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Multinational expansion of ASEAN firms the role of technological, political and knowledge resources

Multinational expansion of ASEAN firms the role of technological, political and knowledge resources Purpose – The purpose of this study is to investigate the type of resources that firms draw on to expand internationally within the Association of Southeast Asian Nations (ASEAN) context. The authors seek to understand the impact of technological, political and knowledge resources on ASEAN firms’ multinationality, moderated by labor intensity, the type of ownership and the stage of economic development. Design/methodology/approach – The hypotheses are tested on a sample that comprises 4,056 manufacturing firms in five ASEAN countries: Indonesia, Lao PDR, Philippines, Vietnam and Timor‐Leste. Findings – The authors found that technology resource is not positively associated with multinationality. However, this relationship is moderated by labor intensity and type of firm ownership. Political resources, such as lobbying activities and informal payment to government, are important for ASEAN firms for foreign expansion. However, excessive informal payment may prove to be counterproductive. The authors also found that local firms tend to exploit more political resources than foreign counterparts and firms operating in the lower stage of economic development tend to spend more on lobbying activities, but pay less informal contribution. Finally, for the manager industry experience, they found an inverted U‐shaped relationship with respect to multinationality, but for manager education, the association was unexpectedly negative. Practical implications – From a practical perspective, the findings have three important implications for management of ASEAN multinationals. First, multinationals can systematically exploit and internalize political ties by carefully integrating political activities, through informal contribution and lobbying, into their strategic planning or corporate structure. The findings suggest that political networking will offset weak technological resources, particularly for local firms. Second, managers of multinationals operating in ASEAN should not rely excessively on political actors, as the extra costs associated with the above optimum political resources exceed its marginal benefit. Moreover, excessive reliance on political actors will expose the firm to the threat of opportunism. Even though political resources are important managers need to maintain the utilization of political resources at the optimal level. Third, besides technological and political resources, managers’ knowledge is also crucial for ASEAN firms’ internationalization. The authors provide evidence showing that the positive effect of managerial experience is limited only to a certain level, even though tmanagers’ education has positive linear relationship with multinationality. This implies that at the early stage of international activities, both manager’s experience and education will have positive impact on the firm. However, when international activities are getting more complicated, the manager’s education takes over the manager’s experience. Above its optimum point, the manager’s experience will limit the manager’s capability to create innovative solutions for international expansion, and therefore it is the manager’s education that is able to stimulate revolutionary solution. Originality/value – In this paper, the authors examine the resource impact on multinationality or the extent to which business activities span across national boundaries to shed light on the antecedents of foreign expansion in ASEAN. They discuss three types of resources (i.e. technological, political and knowledge resources) and seek to understand the impact of these resources on multinationality. Political resources are highlighted in addition to technological and knowledge resources in this paper because ASEAN firms are generally situated in a weak institutional environment in which the political resource is crucial for firms’ entry, operation and exit in international markets (Boddewyn and Brewer, 1994; Hillman and Keim, 1995; Rodriguez et al. , 2005). http://www.deepdyve.com/assets/images/DeepDyve-Logo-lg.png Journal of Asia Business Studies Emerald Publishing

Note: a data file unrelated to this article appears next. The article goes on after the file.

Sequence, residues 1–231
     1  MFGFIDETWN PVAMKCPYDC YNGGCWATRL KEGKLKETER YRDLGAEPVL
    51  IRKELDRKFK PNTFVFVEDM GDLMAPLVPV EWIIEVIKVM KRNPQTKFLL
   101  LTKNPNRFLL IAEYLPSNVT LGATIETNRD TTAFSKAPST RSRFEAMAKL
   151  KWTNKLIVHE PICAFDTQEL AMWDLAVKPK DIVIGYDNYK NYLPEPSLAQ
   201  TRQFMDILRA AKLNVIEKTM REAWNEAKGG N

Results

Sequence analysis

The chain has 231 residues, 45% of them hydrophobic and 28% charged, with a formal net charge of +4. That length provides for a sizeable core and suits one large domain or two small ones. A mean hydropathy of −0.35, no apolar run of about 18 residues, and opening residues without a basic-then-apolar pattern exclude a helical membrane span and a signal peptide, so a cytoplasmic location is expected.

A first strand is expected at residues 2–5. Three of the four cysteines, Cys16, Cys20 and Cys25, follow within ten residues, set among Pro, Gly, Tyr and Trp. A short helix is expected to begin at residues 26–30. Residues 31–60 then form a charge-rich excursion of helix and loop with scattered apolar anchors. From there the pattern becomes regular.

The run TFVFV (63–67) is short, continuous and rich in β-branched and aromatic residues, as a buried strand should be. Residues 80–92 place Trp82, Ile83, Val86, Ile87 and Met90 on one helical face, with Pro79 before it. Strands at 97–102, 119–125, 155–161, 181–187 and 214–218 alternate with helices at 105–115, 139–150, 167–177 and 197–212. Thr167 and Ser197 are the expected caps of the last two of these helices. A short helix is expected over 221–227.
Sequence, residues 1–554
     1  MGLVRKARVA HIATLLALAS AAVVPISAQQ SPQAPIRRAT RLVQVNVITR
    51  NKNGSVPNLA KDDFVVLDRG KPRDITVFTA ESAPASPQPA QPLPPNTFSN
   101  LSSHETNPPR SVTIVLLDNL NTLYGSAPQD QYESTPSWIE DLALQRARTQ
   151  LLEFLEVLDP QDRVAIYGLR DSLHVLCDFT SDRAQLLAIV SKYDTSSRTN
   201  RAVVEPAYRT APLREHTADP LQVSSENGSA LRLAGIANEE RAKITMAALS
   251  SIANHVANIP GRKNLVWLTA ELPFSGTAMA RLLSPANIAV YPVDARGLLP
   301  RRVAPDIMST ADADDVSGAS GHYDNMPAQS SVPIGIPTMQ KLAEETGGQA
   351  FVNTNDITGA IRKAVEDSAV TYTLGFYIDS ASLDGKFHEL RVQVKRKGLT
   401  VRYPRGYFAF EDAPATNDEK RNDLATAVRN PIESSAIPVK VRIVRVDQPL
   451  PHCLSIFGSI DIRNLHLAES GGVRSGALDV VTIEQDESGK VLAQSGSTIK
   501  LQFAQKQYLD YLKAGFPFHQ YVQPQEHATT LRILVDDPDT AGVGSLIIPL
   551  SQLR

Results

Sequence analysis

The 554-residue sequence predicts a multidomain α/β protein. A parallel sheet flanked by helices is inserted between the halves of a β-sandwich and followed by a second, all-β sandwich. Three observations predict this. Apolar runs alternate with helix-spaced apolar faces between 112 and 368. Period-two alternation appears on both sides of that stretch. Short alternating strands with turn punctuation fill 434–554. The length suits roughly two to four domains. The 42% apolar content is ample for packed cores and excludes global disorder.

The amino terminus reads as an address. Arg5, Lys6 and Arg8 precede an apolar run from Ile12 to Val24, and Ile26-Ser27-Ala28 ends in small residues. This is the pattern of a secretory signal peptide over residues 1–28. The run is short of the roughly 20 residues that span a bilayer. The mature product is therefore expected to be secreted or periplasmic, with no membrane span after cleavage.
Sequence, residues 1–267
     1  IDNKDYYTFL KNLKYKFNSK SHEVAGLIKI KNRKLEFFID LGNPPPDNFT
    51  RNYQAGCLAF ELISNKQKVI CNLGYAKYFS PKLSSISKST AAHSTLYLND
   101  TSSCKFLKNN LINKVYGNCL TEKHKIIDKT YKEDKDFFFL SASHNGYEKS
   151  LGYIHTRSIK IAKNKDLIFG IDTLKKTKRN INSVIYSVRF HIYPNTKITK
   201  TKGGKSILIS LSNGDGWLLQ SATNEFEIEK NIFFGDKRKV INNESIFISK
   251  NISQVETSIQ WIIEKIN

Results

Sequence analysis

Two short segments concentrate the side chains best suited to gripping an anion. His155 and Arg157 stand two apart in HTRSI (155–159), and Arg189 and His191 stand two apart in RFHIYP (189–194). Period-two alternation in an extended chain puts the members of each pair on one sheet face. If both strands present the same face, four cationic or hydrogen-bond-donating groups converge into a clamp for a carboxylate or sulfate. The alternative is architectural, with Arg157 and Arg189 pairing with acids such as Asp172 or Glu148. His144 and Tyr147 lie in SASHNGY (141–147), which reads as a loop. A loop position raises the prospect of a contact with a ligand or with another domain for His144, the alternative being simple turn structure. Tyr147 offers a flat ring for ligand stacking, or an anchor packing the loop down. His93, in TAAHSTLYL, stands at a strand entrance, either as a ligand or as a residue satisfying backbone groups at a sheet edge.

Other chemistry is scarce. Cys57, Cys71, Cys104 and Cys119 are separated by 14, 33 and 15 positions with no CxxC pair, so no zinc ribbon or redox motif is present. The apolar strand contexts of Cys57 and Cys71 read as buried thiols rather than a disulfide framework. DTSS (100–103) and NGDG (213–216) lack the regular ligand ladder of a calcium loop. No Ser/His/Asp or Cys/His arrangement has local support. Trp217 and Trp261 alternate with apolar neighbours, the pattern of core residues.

Multinational expansion of ASEAN firms the role of technological, political and knowledge resources